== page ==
"What struck me recently is that social isn't a channel at all. It's this white light. It's this signal, it's this noise, it's unstructured, it's chaotic, all the things that make social beautiful and very dangerous at the same time."

Paul: It occurred to me recently that we talk about social channels in the way that we talked about other legacy channels like email and chat. But, of course, in that sense, it was much more structured and bidirectional. What struck me recently is that social isn't a channel at all. It's this white light. It's this signal, it's this noise, it's unstructured, it's chaotic, all the things that make social beautiful and very dangerous at the same time.

I suppose one of the questions is, when you push something out as a marketer and you have the promotion, that campaign, what comes back almost certainly is for someone else. For example, If an end customer comes back and says, "hey, I saw a promotion about this new thing but, actually, I already own one and it doesn't work properly."

I suppose the heart of this discussion is, if that this white light is kind of all knowing, all seeing and super pervasive, how do you put a prism in front of it and break out that spectrum and say, these are marked inquiries, these are crisis management queries, these are customer service, how does an enterprise begin break that signal down and route it to the right people?

 

Chris: It's an excellent question. I think one of the things that obviously is important to think about is, obviously the brand has its objectives and obviously the customer just really wants to have as frictionless and as positive an experience with the brand as possible.

It's also interesting to think about what the social platform wants because obviously they're brokering or driving a lot of the interaction. If you look at a lot of the recent moves that Facebook and Twitter are making, what they're trying to do is they're trying to take customer service or customer inquiries or customer complaints out of the public spotlight and route them more toward, again, messaging apps or even the direct messaging channel. Twitter increased the limit on DMs and I think largely that was to help brands respond to customer complaints and inquiries on social.

In terms of thinking about that, obviously I think the social platforms are trying to help advertisers and they're trying to help brands create a better, more seamless back office communications channel or link between the brand and the customer.

In terms of how I think the best brands are approaching this, I think they are just treating social not so much as, to your point, a channel, but really more just like how people spend their time and what people naturally want to do, sort of logical consumer behavior. In doing so, they're trying just to make sure that they have a really great listening set up in general. They're listening for customers. They're trying to introduce as much automation or intelligence into discovering the sentiment, what's being talked about, where it is and what it's about. Even introducing things like translation or natural language processing and then based on that front line intelligence, they're deploying work flow rules and using governing standards to say, okay, if we get this type of inquiry, we should, again as intelligently as possible, route it to this department so that they can resolve it and then make sure that we have closed loop tracking on what happens.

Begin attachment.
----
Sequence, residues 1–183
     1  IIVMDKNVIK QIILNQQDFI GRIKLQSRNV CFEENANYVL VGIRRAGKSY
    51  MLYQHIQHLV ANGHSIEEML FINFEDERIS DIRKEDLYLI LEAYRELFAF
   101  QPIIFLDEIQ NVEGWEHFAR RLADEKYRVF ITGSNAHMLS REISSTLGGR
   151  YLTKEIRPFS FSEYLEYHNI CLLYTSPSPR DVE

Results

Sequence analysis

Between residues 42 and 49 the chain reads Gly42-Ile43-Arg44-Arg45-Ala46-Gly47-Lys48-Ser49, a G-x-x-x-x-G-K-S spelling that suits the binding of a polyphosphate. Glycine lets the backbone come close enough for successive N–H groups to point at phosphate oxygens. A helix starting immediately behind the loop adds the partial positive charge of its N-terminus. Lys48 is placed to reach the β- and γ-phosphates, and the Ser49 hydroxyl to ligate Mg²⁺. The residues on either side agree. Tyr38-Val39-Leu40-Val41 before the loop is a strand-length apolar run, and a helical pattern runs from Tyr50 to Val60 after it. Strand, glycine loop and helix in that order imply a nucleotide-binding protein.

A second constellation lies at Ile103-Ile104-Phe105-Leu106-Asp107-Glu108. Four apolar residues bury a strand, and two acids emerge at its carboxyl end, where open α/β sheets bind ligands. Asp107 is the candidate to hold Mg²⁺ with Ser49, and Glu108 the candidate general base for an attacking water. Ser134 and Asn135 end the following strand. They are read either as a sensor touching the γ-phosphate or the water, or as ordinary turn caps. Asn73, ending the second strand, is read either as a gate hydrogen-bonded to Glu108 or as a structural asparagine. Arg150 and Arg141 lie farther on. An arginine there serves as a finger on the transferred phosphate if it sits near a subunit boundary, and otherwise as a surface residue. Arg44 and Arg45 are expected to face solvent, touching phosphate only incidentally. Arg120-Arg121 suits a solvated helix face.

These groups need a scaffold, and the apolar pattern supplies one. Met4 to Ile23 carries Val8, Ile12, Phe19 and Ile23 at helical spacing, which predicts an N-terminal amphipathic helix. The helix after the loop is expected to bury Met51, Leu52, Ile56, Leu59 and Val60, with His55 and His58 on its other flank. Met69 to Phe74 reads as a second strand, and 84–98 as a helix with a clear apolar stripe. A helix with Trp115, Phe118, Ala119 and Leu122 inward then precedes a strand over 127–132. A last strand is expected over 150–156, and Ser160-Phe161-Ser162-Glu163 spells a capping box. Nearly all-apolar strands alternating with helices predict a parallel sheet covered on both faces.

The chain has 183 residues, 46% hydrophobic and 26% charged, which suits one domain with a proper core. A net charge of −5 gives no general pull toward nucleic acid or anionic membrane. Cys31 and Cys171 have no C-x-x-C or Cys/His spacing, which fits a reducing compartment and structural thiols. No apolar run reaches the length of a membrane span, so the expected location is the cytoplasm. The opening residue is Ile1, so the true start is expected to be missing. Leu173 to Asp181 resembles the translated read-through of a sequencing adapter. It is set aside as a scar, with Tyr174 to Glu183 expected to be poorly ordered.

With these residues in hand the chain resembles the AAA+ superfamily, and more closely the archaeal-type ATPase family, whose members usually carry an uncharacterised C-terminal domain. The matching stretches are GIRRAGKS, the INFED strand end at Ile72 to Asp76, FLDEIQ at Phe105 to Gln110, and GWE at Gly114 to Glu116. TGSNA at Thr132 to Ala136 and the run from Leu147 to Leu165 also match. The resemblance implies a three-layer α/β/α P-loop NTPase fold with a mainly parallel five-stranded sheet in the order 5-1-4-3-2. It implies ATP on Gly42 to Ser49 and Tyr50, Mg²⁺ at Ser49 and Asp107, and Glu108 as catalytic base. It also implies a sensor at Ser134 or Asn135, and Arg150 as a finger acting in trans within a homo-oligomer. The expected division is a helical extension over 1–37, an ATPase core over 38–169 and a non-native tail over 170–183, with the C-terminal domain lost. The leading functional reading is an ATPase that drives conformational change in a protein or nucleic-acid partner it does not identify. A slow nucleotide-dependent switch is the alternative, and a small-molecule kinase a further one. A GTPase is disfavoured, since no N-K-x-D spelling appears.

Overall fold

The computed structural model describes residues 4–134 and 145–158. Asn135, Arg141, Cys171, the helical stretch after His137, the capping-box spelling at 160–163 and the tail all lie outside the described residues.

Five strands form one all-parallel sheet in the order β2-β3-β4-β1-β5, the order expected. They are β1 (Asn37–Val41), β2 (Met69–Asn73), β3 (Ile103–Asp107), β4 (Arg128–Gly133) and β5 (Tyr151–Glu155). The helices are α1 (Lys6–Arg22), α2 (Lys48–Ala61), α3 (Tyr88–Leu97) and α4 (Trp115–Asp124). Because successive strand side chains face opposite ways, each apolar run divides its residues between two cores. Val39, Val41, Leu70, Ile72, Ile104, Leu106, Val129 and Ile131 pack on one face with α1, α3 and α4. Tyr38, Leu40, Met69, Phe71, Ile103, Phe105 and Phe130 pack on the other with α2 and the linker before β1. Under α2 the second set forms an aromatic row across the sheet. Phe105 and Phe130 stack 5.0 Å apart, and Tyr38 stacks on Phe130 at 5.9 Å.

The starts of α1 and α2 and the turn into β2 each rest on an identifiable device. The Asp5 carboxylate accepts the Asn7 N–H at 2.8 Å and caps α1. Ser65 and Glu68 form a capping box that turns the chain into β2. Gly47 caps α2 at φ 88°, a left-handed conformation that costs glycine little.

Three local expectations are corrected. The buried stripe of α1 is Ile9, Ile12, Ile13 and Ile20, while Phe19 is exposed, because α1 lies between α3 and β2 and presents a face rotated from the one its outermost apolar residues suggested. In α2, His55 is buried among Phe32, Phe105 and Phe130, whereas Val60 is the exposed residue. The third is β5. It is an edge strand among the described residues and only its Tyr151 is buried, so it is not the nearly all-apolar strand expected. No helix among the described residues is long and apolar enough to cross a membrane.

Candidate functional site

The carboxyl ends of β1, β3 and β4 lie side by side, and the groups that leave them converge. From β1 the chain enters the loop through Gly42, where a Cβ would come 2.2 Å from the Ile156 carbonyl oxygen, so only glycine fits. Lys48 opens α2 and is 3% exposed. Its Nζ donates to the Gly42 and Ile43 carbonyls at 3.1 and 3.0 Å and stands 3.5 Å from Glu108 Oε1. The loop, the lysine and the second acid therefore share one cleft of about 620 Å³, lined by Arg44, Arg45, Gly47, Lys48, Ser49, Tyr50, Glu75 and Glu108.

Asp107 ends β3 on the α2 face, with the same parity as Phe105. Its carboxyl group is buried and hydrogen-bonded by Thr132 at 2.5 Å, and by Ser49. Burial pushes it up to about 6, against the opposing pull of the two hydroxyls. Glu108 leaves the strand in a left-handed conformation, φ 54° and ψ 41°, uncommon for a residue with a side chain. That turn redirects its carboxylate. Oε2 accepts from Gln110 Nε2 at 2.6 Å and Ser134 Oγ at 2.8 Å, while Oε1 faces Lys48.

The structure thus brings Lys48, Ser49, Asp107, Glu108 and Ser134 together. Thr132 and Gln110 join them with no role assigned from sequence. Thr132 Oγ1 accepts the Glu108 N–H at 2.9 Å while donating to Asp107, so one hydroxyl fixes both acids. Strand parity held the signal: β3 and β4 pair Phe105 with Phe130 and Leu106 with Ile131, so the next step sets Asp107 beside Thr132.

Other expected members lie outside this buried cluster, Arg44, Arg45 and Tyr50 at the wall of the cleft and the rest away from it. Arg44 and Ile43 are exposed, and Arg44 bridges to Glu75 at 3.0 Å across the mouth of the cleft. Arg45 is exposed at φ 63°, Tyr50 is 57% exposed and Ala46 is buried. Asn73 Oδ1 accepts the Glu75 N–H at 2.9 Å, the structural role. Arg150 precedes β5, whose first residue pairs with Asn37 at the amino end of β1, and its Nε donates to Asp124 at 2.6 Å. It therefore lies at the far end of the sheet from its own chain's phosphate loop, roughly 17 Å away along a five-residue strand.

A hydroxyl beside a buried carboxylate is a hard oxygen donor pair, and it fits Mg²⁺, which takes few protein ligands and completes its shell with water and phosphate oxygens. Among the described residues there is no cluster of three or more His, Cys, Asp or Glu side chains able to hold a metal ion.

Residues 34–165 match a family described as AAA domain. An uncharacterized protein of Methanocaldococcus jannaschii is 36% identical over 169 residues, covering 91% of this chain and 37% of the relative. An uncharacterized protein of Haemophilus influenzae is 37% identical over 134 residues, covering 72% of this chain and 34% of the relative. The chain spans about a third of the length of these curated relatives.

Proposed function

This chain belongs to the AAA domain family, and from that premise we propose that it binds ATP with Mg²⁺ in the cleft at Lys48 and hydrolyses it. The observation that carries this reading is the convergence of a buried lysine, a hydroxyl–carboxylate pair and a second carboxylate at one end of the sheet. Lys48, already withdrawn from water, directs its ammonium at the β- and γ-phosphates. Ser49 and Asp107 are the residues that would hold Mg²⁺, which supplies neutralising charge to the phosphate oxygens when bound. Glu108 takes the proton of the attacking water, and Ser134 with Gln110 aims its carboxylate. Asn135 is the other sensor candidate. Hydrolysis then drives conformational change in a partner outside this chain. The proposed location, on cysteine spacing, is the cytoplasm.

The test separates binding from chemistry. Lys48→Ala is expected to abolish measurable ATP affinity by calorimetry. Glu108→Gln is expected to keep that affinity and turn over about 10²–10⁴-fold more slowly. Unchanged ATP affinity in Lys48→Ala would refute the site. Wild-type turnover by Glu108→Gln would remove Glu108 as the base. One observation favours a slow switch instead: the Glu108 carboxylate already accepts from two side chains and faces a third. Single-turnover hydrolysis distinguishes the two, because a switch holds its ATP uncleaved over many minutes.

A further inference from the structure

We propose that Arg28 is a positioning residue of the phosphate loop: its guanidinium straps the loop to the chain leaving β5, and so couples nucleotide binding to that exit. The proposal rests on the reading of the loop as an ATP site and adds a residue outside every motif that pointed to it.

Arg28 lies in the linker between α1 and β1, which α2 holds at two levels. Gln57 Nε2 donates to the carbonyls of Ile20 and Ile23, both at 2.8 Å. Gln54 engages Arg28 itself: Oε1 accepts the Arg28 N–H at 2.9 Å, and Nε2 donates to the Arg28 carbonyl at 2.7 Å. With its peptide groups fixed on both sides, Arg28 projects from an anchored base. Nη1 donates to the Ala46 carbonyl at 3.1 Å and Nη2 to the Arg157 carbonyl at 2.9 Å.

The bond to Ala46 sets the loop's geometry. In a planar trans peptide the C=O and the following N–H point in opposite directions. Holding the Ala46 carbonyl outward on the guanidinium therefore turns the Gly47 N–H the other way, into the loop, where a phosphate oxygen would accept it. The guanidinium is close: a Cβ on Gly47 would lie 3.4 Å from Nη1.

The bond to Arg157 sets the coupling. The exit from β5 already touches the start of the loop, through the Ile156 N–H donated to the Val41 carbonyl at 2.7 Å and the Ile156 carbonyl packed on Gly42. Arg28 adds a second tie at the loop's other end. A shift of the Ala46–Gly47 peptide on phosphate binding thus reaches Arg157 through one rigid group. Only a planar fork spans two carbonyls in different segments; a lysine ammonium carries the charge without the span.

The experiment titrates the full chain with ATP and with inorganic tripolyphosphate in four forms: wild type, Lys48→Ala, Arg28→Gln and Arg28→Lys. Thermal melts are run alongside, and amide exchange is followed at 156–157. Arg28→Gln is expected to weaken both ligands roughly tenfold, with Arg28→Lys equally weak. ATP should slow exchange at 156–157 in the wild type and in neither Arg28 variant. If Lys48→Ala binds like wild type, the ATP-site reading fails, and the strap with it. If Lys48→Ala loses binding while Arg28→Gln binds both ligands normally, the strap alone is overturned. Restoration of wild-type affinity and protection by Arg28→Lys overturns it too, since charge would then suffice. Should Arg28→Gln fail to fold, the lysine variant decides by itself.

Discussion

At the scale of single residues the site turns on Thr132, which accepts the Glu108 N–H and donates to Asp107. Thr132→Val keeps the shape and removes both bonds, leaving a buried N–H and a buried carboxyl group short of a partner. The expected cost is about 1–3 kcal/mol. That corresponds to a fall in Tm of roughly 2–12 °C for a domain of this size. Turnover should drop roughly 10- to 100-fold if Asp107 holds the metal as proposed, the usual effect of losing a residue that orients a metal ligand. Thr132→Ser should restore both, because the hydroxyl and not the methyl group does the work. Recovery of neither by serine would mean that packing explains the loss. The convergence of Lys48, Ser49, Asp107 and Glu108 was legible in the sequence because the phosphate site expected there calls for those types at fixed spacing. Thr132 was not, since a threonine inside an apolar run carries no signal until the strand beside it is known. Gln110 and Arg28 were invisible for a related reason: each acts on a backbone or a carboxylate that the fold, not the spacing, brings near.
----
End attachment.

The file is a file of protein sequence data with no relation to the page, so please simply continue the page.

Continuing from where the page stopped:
Paul: When I think about twelve months ago, what I was worried about wasn't if social was going to continue to grow. I think that's an inevitability and you mentioned the inflection point of mobile. I think that's absolutely spot on. But, I think it wasn't enough that social just grew. It had to grow up. The channel providers themselves had to contribute to the phenomenon.

I think if you look at what Twitter in particular and Facebook have done, I think you're right. This notion of living out loud, these public displays of dissatisfaction have now almost been replaced with this idea that what social has become to a point, is a mobility, valuable, convenient way to engage more privately to seek a real resolution, that's a more mature channel. The thing, of course, that happens, because let's be honest, social has given customers a voice they never had before, is that there is this panic button they can hit. There is this, "hey, I came to you privately, I observed your rules, I didn't come out and publicly demonstrate just how unhappy I am, but I'm not getting the response, or more importantly, I'm not getting the resolution." Suddenly, you can amplify that.

I love that the customer is maturing. But, there's also a footnote here for brands which is, if you're not engaging, if you're not taking those channels seriously. If you're not resolving issues, just remember at any point the customer can push that externally, amplify their dissatisfaction. That's where really they've given you an opportunity to say, we're going to get ahead of this conversation and really participate, but ignore it at your peril. In that sense, I think social has matured, but the social customer still understands they have that when they need it.

 

"I know a lot of CMOs are like, 'I want to focus on this campaign, I want to focus on driving sales. I don't want to focus on the grenade that might show up on Instagram or Twitter.'"

Chris: It's interesting to think about that as either a risk or an opportunity as a brand. Because, on the other hand, you can really surprise and delight with exceptional public displays of service and I think you can set the standard in terms of being responsive to customers, just getting in touch with people and getting back to them at the same time.